Catching a 'Wave' of Galaxies Ending the Dark Ages
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Through a project dubbed SURFS UP, NASA's Spitzer Space Telescope and Hubble Space Telescope are catching sight of a "wave" of galaxies that emerged in the early universe. Starlight from these primordial galaxies is reckoned to have cleared a fog of hydrogen gas that shrouded the cosmos during a mysterious period known as the Dark Ages. 

Spitzer has revealed that the stars shining in two of the young SURFS UP galaxies, discovered by Hubble, look surprisingly mature. The finding suggests these stars formed earlier than expected, and thus began lifting the cosmic fog sooner than previously thought. 

"We have discovered galaxies that are among the most distant ever spotted, having formed a mere 500 million years after the Big Bang," said  Maruša Bradač, a physicist at the University of California, Davis and lead author of one of two papers describing the findings. "The stars within these relatively young galaxies already appear mature, pushing back the time when the first stars and galaxies arose and began illuminating the Dark Ages."  

Spitzer teamed up with Hubble to gather the results as part of the Spitzer UltRaFaint Survey, or SURFS UP. The joint project will image 10 massive, foreground galaxy clusters, whose strong gravity magnifies the light of background objects. This so-called cosmic lensing causes objects such as the distant, dim, young galaxies that SURFS UP is investigating, to appear more than 10 times brighter than they normally would, allowing the team to study the stars within them. 

The Spitzer observations, in infrared, reveal key characteristics, such as mass and ages, about older populations of stars in the far-off galaxies. Besides finding the galaxies in the first place, Hubble's observations, in visible light, speak to the formation rate of young stars. Taken together, the data paint a richly detailed portrait of galactic evolution and its effect on the wider cosmos. 

SURFS UP is one of several new observing programs taking advantage of cosmic lensing to probe deeper into the universe than ever before. The project will complement Frontier Fields, another such program using Spitzer and Hubble data, by looking at eight additional clusters not covered by Frontier Fields. Overall, SURFS UP will look for traces of cosmically lensed background galaxies representing typical, "normal" galaxies from just several hundred millions years after the Big Bang.

The universe was a very different place at the time the first stars and galaxies began lighting up an otherwise dark cosmos. Neutral hydrogen gas, which is a very good absorber of ultraviolet light, still filled the cosmos like a fog, making the universe partially opaque to that part of the spectrum. Rather like how the warmth of the sun "burns away" fog, the first stars and galaxies likely ionized, or knocked an electron loose from, the neutral hydrogen. This ionization prevented the hydrogen from absorbing ultraviolet light, clearing the "fog." In this way, the rise of stars and galaxies that brought the Dark Ages to a close also rendered the universe transparent to some of these objects' light.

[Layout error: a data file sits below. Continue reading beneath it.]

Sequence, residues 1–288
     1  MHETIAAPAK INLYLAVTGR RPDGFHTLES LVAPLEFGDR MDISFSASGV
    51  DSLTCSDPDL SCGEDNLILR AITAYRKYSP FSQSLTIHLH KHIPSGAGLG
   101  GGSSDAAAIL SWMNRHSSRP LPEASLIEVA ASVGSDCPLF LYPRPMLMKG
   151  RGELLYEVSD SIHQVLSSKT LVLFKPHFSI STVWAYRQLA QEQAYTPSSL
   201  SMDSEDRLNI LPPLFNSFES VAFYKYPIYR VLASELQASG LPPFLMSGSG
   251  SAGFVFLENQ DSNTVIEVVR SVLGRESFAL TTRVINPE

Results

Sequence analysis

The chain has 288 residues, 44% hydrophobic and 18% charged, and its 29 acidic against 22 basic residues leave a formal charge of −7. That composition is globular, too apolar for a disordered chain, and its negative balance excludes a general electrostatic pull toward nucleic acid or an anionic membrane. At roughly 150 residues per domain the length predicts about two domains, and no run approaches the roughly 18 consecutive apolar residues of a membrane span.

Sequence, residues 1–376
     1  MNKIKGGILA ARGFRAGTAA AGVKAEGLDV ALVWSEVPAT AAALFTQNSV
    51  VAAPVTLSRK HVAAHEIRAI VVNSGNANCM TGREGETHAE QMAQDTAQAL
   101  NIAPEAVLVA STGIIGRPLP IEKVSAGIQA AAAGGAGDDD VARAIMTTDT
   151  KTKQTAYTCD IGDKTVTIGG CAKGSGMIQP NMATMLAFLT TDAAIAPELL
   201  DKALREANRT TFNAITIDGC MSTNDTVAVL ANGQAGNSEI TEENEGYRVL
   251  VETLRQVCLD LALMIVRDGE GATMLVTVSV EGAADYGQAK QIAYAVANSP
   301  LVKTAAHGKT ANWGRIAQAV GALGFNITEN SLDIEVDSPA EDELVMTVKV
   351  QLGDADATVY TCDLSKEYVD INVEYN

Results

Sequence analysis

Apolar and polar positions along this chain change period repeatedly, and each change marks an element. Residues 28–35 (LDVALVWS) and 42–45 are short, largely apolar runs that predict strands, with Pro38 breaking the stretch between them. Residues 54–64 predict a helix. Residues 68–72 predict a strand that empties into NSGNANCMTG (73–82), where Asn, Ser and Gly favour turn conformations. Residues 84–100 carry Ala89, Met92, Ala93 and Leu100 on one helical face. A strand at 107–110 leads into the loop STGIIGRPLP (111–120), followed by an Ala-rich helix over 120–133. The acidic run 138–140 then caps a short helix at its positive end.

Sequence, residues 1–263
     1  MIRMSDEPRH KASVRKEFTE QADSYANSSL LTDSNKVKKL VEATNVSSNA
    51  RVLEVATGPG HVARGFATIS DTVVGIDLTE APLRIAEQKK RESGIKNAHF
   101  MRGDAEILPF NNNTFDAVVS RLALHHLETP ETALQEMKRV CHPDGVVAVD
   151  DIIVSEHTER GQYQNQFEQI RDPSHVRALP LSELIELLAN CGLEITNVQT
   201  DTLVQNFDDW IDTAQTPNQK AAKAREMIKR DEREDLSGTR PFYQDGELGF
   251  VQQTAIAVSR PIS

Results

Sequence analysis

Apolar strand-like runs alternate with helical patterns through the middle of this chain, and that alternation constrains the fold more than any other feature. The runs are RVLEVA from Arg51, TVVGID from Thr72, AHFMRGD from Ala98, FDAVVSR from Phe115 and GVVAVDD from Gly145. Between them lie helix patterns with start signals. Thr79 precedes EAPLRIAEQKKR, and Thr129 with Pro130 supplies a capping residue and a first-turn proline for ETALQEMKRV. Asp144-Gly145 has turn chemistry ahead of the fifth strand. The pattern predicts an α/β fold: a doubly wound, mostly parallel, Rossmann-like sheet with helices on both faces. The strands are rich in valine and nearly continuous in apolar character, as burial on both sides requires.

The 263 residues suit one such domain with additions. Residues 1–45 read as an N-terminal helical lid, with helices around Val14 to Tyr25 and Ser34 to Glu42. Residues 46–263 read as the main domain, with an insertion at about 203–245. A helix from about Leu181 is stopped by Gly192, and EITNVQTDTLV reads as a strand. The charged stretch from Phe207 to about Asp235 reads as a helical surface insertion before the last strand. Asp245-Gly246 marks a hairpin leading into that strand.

To understand definitively how and when this process occurred, scientists need an accurate picture of star formation rates and history. In a paper accepted for publication in the Astrophysical Journal, Brada? and colleagues used Spitzer and Hubble to measure the properties of stars in a 13.2 billion-light-year-distant galaxy, made possible thanks to the cosmic zoom lens provided by the galaxy cluster MACS J1149.5+2223. The overall reddish hue of starlight visible to Spitzer in the distant galaxy indicates the presence of an older population of stars than was expected in this relatively young galaxy. 

A second paper generated by the SURFS UP team involves the magnification of a galaxy by the massive Bullet Cluster of galaxies. The paper, in The Astrophysical Journal Letters, describes an extremely distant galaxy, 12.9 billion light years away, which is so faint that Spitzer could only detect it using the extra boost of a foreground gravitational lens. Careful analysis of the stellar properties of this galaxy suggests it also harbors stars of an already reasonably advanced age. 

"These are among the first direct detections of mature stars in young galaxies seen at the time when the universe was only a few percent of its present age," said lead author Russell Ryan, a postdoctoral fellow at the Space Telescope Science Institute. "When SURFS UP completes, we will have a census of stars in early galaxies that will help us determine what exactly ended the Dark Ages."

NASA's Jet Propulsion Laboratory, Pasadena, Calif., manages the Spitzer Space Telescope mission for NASA's Science Mission Directorate, Washington. Science operations are conducted at the Spitzer Science Center at the California Institute of Technology in Pasadena. Spacecraft operations are based at Lockheed Martin Space Systems Company, Littleton, Colo. Data are archived at the Infrared Science Archive housed at the Infrared Processing and Analysis Center at Caltech. Caltech manages JPL for NASA.